From retail to space: Jeff Bezos will fly next month
“Ever since I was five years old, I’ve dreamed of traveling to space. On July 20th, I will take that journey with my brother. The greatest adventure, with my best friend,” Bezos announced on Instagram. He will join the first crewed spaceflight from his private rocket company just 15 days after stepping down as CEO of retail behemoth Amazon.
Blue Origin’s New Shepard rocket is designed to carry up to six tourists per flight, and in May, the company announced that it would auction off one seat to the highest bidder.
The Amazon founder will be the first of the “space billionaires” – entrepreneurs who are funding space industry innovations – to personally visit outer space.
Since founding Blue Origin in 2000, Bezos has allocated an estimated $7.5 billion of his own cash into the aerospace company. His dream flight is scheduled to cross the Kármán line, the internationally recognized border to outer space, more than 60 miles above the Earth’s surface, before making its descent.
Space tourism is a rapidly evolving industry supported by serious investors and a growing field of technological expertise.
Amid the COVID-19 crisis, the global market for space tourism estimated at $651 million in 2020, is projected to reach a revised size of $1.7 billion by 2027, growing at 15.2% over the period 2020-2027.
The market is driven by suborbital tourism, which will accelerate once Virgin Galactic and Blue Origin launches take place in 2021. While the high-visibility orbital space tourism market, where movie stars and wealthy individuals are paying over $55 million dollars for a ride, will rake in the highest tally cumulatively; a more low-key role – the parabolic flight tourism market – will offer zero-G rides to aficionados who dream of going to space, but do not have the money to pay for the trip.
“The space tourism & travel market continues, despite COVID-19 delays and decades of development,” states Dallas Kasaboski, NSR senior analyst. ‘Confidence in the technology has grown, especially after SpaceX’s commercial crew launches this year, but it will take some time for the market to truly begin to take off.”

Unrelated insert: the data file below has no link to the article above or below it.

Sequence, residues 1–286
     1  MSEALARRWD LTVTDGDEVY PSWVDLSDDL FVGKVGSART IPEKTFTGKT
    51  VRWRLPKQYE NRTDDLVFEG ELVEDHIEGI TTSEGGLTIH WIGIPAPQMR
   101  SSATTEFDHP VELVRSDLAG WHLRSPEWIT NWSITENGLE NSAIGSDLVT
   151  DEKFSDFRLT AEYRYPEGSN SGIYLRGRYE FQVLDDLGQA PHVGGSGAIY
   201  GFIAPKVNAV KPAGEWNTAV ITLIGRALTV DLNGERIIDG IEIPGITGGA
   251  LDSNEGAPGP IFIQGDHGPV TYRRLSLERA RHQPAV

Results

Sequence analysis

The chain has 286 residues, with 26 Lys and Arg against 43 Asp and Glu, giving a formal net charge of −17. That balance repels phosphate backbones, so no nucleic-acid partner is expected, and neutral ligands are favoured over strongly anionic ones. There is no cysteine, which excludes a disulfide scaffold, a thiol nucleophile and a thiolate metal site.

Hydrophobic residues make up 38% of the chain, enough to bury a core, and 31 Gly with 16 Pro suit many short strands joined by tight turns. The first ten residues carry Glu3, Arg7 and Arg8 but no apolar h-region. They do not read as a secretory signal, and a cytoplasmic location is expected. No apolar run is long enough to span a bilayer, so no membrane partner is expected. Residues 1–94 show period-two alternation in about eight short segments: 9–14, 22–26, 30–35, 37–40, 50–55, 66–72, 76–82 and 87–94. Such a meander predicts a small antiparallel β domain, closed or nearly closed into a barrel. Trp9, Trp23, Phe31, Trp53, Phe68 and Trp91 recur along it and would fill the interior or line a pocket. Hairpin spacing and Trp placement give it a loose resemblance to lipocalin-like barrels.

Until now, space missions were primarily operated by space agencies. However, private sector involvement was vital for supplying hardware and expertise. As commercial satellite operators, and recently SpaceX and Blue Origin (supported by billions of investments from their owners) have become more active, the “high-cost barrier to entry” to operate missions has begun to lower. Specialists say that as missions become ongoing commercial operations, the sector is going to be stable and profitable for the next wave of investors.
Space as an investment theme is also likely to affect a number of industries beyond aerospace & defense, such as IT hardware and telecom sectors. Morgan Stanley estimates that satellite broadband will represent 50% of the projected growth of the global space economy by 2040, and as much as 70% in the most bullish scenario. Launching satellites that offer broadband Internet service will help to drive down the cost of data, just as demand for that data explodes.
The largest opportunity comes from providing Internet access to under- and unserved parts of the world, but there is also going to be increased demand for bandwidth from autonomous cars, the Internet of things, artificial intelligence, virtual reality, and video.
All these advances are creating amazing opportunities for investors. However, you have to know what you are doing or work with the right fund advising you.
“We believe that the private market is the best space for investors right now,” says Kris Bort, founding partner of Sakal Ventures. “Our approach is to buy best-in-breed companies in disruptive sectors. We purchase every security for cash and employ zero leverage. The private market has been transformed over the past decade. Private companies can receive proper financing without the public markets. This allows companies to come public at the right time. We see so much opportunity here, because most investors do not have access to invest in the private market or the ability to research these companies.”
You have a chance to connect with the founder or head of capital development at this venture capital fund. Take this opportunity to talk to some of the brightest minds and best investors in the late-stage private space: visionaries, MIT and NYU Stern School of Business graduates. Book a FREE CONSULTATION with Sakal Ventures.